By Sandy Wells
He's got this official high-sounding title: legislative analyst for the House Committee on Government Organization. Not the kind of thing that invites cocktail conversation, right?
At his desk in the Capitol, he does paralegal research for lawyers. He helps them draft bills and amendments. He helps constituents with questions and problems. And of course, he analyzes. Heavy, mind-bending stuff.
But Steve Thompson has his lighter side.
"I transitioned to totem poles about three years ago," he said.
"I made the first one and I couldn't stop laughing," he said. "I've got about 10 now. It's too much fun."
About 10 years ago, he started painting. He painted saw blades and slate, the kind of things you see at art festivals and craft fairs.
Some friends had a rotted totem pole that toppled to the ground. They knew he was artistic. They asked him to restore it. The entire time he worked, temptation nudged him. "They'd had a bunch of trees cut down by their house. There were all these whole trees laying around."
So what do you think he did?
He made a totem pole, of course. How could he resist?
Now, he's bewitched. "When I'm working on one, I don't want to put it down. It will get dark and I won't realize it until I miss the chisel with my hammer and hit my wrist."
He keeps several in his apartment near the Capitol and has several more on the property of friends in Lincoln County where he does the sculpting.
His totems are primarily oak. He cuts the length, skins the bark, then picks up a hammer and chisel and carves "whatever the spirit moves me to create." He sands by hand, then switches to an electric sander to achieve a smooth finish.
He prefers them unpainted. "I really enjoy the wood grains," he said. "I've been using linseed oil to bring the grains out."
Animals and other objects carved on totem poles symbolize a family, tribe or clan, he said. They're like coats of arms in wood. The totems tell a kind of story.
"I'm part Blackfoot Sioux," he said, "so I've always had an affinity for Indian cultures."
If Thompson sculpted a totem pole to symbolize the story of his life, he'd need a tree the size of a redwood. The legislative analyst is a Renaissance man with a background in construction, catering and country music.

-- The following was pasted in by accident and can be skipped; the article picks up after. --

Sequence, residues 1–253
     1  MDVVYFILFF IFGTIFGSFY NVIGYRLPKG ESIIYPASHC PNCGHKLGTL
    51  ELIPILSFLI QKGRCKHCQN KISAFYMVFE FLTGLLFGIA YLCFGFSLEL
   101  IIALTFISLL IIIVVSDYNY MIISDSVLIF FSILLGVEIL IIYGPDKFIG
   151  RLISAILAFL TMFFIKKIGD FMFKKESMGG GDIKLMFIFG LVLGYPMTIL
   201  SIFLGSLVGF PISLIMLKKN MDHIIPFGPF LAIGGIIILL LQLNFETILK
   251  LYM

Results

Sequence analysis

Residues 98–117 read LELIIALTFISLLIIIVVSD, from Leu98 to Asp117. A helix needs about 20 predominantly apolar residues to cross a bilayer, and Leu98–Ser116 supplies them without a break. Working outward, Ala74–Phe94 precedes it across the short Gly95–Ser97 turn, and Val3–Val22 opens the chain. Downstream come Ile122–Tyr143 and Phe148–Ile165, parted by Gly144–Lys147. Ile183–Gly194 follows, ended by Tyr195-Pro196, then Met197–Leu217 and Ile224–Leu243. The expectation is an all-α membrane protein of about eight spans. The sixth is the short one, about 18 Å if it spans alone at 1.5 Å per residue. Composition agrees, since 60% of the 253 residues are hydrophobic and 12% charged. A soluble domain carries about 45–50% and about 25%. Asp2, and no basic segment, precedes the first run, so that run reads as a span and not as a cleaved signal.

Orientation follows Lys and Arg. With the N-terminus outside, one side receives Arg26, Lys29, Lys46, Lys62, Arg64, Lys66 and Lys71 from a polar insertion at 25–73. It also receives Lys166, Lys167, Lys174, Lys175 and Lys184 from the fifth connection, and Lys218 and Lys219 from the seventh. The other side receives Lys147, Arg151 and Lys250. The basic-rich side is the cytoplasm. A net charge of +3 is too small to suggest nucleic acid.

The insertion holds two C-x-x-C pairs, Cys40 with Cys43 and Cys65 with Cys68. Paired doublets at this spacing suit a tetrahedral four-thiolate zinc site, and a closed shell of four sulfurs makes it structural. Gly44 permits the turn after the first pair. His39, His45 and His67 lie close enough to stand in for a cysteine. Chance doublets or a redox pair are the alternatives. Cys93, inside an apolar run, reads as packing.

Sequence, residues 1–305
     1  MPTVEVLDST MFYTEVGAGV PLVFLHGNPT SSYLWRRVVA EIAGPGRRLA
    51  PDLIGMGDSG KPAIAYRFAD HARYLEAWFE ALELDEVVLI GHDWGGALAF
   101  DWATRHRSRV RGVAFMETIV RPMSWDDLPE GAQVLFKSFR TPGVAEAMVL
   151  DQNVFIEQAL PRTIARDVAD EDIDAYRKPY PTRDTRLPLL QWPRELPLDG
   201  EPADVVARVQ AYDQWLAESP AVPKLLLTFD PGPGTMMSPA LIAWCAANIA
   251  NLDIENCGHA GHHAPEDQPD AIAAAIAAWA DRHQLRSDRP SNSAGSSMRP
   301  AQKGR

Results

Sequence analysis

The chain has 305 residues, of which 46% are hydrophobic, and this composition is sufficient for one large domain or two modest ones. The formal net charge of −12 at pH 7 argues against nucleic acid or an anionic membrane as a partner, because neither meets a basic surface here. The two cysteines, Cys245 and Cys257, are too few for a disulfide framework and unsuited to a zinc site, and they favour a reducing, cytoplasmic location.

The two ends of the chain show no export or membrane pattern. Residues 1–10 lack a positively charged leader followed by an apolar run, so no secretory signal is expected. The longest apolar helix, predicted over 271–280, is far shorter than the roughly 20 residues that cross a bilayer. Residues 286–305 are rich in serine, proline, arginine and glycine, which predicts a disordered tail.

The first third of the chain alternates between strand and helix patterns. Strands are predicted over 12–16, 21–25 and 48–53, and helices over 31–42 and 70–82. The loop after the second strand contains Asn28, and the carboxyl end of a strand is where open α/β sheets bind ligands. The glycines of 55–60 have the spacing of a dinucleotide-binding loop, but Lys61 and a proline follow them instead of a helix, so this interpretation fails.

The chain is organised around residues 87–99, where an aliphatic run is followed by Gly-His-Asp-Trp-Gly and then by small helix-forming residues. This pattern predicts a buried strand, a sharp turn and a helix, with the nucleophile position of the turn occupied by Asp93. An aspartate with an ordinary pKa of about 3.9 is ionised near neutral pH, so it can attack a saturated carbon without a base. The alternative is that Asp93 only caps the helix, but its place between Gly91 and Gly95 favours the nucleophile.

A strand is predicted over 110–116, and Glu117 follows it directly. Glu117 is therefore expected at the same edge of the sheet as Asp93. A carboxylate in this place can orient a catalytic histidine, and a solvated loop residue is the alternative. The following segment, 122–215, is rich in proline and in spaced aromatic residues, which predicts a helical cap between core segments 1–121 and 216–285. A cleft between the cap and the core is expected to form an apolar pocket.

Steve grew up in Pittsburgh. "My father used to bring me rock climbing in West Virginia," he said. Looking for a rural setting to call home, he settled here after his discharge from the Navy in 1984.
His first job as a butcher's apprentice kept him at the Richwood Foodland until the store burned in 1987. He switched to construction. He entered a Morgantown Dominion-Post cooking contest for appetizers and won first place.
"I did contract catering part-time for the next 15 years. And I cooked for two fraternities. I was always looking for the second or third job."
The need for health benefits following the birth of his son led him to the Monongahela County Health Department, where he spent six years as a maintenance mechanic.
In 2000, at age 35, he enrolled full-time at West Virginia University and earned a board of regents degree. "I took most of the class time with an emphasis on political science, philosophy and English, a track to go to law school. I still think about it sometimes."
As a teenager, he started playing the guitar and pennywhistle, folk music. Then he took up rock and roll. Then he played with a country band.
Carving totem poles mesmerizes him like music used to, he said. "I lose all concept of space and time. I got a similar feeling when I played music. People talk about jelling or getting in the groove. I get caught in the art."
He can't whistle while he works. He's too busy laughing. "I find a lot of humor in playing with totem poles," he said.
To contact staff writer Sandy Wells, visit the [Charleston Gazette] or call 348-5173.